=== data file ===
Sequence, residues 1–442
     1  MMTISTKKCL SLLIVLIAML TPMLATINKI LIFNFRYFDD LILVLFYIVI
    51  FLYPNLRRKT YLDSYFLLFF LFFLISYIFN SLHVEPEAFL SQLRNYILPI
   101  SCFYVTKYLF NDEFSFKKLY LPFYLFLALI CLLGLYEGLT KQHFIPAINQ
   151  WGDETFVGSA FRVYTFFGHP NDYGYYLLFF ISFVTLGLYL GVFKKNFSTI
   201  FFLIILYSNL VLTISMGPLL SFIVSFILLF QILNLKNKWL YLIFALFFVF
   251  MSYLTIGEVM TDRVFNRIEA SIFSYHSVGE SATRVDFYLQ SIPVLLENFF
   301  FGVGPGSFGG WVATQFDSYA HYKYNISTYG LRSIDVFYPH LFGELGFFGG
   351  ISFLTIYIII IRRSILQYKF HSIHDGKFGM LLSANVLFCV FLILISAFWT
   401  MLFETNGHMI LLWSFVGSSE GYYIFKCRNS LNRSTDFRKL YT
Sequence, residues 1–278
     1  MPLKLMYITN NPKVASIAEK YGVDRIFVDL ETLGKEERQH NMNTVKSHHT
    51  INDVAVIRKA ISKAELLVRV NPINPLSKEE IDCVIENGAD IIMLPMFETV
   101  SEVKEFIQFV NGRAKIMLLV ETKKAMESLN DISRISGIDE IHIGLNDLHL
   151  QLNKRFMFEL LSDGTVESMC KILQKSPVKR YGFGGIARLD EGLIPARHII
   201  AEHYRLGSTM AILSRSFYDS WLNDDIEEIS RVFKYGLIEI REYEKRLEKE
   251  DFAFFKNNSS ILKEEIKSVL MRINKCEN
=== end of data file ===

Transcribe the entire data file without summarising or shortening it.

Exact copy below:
Sequence, residues 1–442
     1  MMTISTKKCL SLLIVLIAML TPMLATINKI LIFNFRYFDD LILVLFYIVI
    51  FLYPNLRRKT YLDSYFLLFF LFFLISYIFN SLHVEPEAFL SQLRNYILPI
   101  SCFYVTKYLF NDEFSFKKLY LPFYLFLALI CLLGLYEGLT KQHFIPAINQ
   151  WGDETFVGSA FRVYTFFGHP NDYGYYLLFF ISFVTLGLYL GVFKKNFSTI
   201  FFLIILYSNL VLTISMGPLL SFIVSFILLF QILNLKNKWL YLIFALFFVF
   251  MSYLTIGEVM TDRVFNRIEA SIFSYHSVGE SATRVDFYLQ SIPVLLENFF
   301  FGVGPGSFGG WVATQFDSYA HYKYNISTYG LRSIDVFYPH LFGELGFFGG
   351  ISFLTIYIII IRRSILQYKF HSIHDGKFGM LLSANVLFCV FLILISAFWT
   401  MLFETNGHMI LLWSFVGSSE GYYIFKCRNS LNRSTDFRKL YT
Sequence, residues 1–278
     1  MPLKLMYITN NPKVASIAEK YGVDRIFVDL ETLGKEERQH NMNTVKSHHT
    51  INDVAVIRKA ISKAELLVRV NPINPLSKEE IDCVIENGAD IIMLPMFETV
   101  SEVKEFIQFV NGRAKIMLLV ETKKAMESLN DISRISGIDE IHIGLNDLHL
   151  QLNKRFMFEL LSDGTVESMC KILQKSPVKR YGFGGIARLD EGLIPARHII
   201  AEHYRLGSTM AILSRSFYDS WLNDDIEEIS RVFKYGLIEI REYEKRLEKE
   251  DFAFFKNNSS ILKEEIKSVL MRINKCEN